There are many international frameworks to promote and support businesses in their role as responsible corporate citizens: ISO 26000, OECD Guidelines, UN Guiding Principles, Hague Approach Principles and the Global Compact.  Partners Global has been using the Voluntary Principles on Security and Human Rights as an “excuse to bring together activist organizations, extractive industries and local governments throughout Latin America to discuss their co-responsibility in achieving stability and local development. These dialogues help break down long-standing mistrust and build relationships to prevent future tensions.”[v]

 

Yes, enlightened global businesses can and should solve real global problems like war and poverty and contribute to the creation of self-balancing, self-correcting ecosystems of sustainable peace and prosperity.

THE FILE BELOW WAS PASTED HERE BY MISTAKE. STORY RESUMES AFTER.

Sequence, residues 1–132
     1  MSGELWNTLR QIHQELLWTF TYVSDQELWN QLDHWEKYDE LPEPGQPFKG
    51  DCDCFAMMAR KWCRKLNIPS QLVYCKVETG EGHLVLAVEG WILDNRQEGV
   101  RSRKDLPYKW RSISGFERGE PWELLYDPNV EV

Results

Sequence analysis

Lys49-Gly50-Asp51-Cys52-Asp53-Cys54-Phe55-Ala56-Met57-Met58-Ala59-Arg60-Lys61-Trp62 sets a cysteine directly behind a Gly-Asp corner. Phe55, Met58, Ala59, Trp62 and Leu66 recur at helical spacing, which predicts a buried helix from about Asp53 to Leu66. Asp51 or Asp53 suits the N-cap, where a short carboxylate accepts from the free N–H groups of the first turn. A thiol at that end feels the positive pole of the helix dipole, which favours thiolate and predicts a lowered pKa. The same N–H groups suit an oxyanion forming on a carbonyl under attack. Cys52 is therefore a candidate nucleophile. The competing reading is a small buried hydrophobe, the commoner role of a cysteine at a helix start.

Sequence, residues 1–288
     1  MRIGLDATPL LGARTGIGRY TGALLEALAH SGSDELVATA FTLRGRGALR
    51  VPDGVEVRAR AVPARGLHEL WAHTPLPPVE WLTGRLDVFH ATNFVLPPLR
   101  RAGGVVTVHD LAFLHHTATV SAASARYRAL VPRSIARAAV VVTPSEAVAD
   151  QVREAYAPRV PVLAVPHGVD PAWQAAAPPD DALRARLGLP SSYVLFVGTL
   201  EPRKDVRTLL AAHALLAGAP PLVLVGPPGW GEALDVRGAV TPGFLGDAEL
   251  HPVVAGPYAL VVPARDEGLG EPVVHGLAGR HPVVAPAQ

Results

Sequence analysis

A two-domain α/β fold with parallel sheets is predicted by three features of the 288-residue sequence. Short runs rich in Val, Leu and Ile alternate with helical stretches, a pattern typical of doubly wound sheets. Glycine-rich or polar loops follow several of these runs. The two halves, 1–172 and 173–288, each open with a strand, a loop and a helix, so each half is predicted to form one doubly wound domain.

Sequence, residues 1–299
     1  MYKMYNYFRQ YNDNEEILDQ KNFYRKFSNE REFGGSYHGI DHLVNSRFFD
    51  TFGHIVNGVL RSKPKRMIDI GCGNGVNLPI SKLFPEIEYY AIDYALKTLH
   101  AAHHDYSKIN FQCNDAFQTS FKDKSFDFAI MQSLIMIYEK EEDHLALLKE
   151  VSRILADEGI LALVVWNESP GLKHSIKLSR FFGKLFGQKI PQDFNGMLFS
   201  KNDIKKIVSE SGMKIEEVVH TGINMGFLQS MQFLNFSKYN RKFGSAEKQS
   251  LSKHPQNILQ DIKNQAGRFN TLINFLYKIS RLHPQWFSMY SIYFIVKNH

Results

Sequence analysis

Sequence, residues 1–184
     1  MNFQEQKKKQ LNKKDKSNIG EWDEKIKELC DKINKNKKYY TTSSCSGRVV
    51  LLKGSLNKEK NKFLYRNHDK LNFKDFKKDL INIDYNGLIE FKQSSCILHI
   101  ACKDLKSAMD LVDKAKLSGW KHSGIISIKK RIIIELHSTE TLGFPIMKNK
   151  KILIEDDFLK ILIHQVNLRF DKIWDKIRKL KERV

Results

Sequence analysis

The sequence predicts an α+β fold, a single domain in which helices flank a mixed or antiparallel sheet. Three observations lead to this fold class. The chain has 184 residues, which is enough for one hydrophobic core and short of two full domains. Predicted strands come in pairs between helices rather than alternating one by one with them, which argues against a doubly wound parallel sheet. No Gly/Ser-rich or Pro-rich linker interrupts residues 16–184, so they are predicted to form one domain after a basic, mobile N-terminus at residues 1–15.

President of Peace Through Commerce, Inc. is a global, nonprofit, strategic organization committed to creating a world in which all people enjoy peace and prosperity. PTC fosters peace and prosperity through teaching about the Matrix of Peace,™ and gives special attention to women in its Accelerating Women Entrepreneurs (“AWE”) Division.  Philomena is a Trustee Emeritus for Conscious Capitalism, Inc., having served as founding general counsel and Vice President of its parent corporation, Freedom Lights Our World (FLOW), Inc.

 

 



[i] See an excellent review of the epic achievements of  capitalism in not only solving the problems of war and poverty, but also in providing effective means to sustainability and fostering soul-fulfilling employment for all in Conscious Capitalism:  Liberating the Heroic Spirit of Business,  by John Mackey and Raj Sisodia (Boston:  Harvard Business School Publishing Corporation 2003).  See also, Be The Solution:  How Entrepreneurs and Conscious Capitalists Can Solve All the world’s Problems (Hoboken, New Jersey:  John Wiley & Sons 2009)